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9.1 Introduction to rollouts

The million dollar question is simple enough: out of all the games that could result from playing this position, how many do we win (and how many of our wins and losses are gammons, and how many are backgammons)? The model is exactly the same as if we had an urn with a googol balls in it (it's a big urn), and many of the balls have win written on them, and some say gammon loss, and if we look hard enough there are a few that read backgammon win, and so on. ((Balls and urns are to probability theorists what teapots and checkerboards are to computer graphics researchers, or squeamish ossifrage is to cryptographers – they seem to come with the territory.)) Instead of having the patience to count the googol balls, we just give the urn a really good shake and then pull 100 balls out without looking, and say for instance "Well, I got 53 wins, 31 losses, 9 gammon wins, 6 gammon losses, and a backgammon win – looks like my equity's roughly +0.26." and go home. If we were a bit more thorough, we could go a bit further and figure out that by cheating and measuring the sample proportions instead of the population proportions, we introduced a standard error of 0.06 into our result. (Of course, the trick is to select a sample size that's big enough that you reduce the standard error to a tolerable level, but small enough that the answer arrives before you get bored.)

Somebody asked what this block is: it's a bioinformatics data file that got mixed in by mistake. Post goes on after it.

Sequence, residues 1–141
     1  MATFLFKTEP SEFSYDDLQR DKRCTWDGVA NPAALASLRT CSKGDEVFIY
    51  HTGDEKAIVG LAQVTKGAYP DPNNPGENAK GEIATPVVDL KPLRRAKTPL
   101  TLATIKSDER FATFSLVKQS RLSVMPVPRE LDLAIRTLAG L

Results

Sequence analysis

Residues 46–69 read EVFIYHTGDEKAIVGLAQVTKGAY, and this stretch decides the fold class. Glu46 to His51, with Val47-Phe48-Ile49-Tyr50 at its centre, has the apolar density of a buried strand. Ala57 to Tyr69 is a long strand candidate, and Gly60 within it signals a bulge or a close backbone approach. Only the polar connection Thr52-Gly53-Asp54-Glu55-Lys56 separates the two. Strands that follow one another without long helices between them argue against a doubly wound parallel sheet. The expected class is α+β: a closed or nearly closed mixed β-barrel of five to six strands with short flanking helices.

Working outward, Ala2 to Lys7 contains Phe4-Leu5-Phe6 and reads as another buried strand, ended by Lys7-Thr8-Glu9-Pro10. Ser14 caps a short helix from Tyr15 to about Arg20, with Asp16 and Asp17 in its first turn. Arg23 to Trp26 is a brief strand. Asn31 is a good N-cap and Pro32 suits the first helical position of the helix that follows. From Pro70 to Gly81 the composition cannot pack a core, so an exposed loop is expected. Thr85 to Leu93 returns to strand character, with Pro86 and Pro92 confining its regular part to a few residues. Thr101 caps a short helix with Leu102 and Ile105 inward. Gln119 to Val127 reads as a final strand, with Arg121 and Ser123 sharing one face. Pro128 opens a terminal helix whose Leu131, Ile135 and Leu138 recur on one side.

It will come as no surprise that a rollout with a limited number of trials follows exactly the same procedure. It's sufficient to say that the proportion of wins/gammons etc. that come up when GNU Backgammon plays against itself (say) 1296 times, aren't likely to vary all that much from the proportion we would get if we measured the proportion of results in every game we could possibly get of GNU Backgammon playing against itself. (Of course, there may still be some doubt whether the results of GNU Backgammon vs. GNU Backgammon are representative of the results of a perfect player vs. a perfect player, or of you vs. Joe Average, but that's another story.)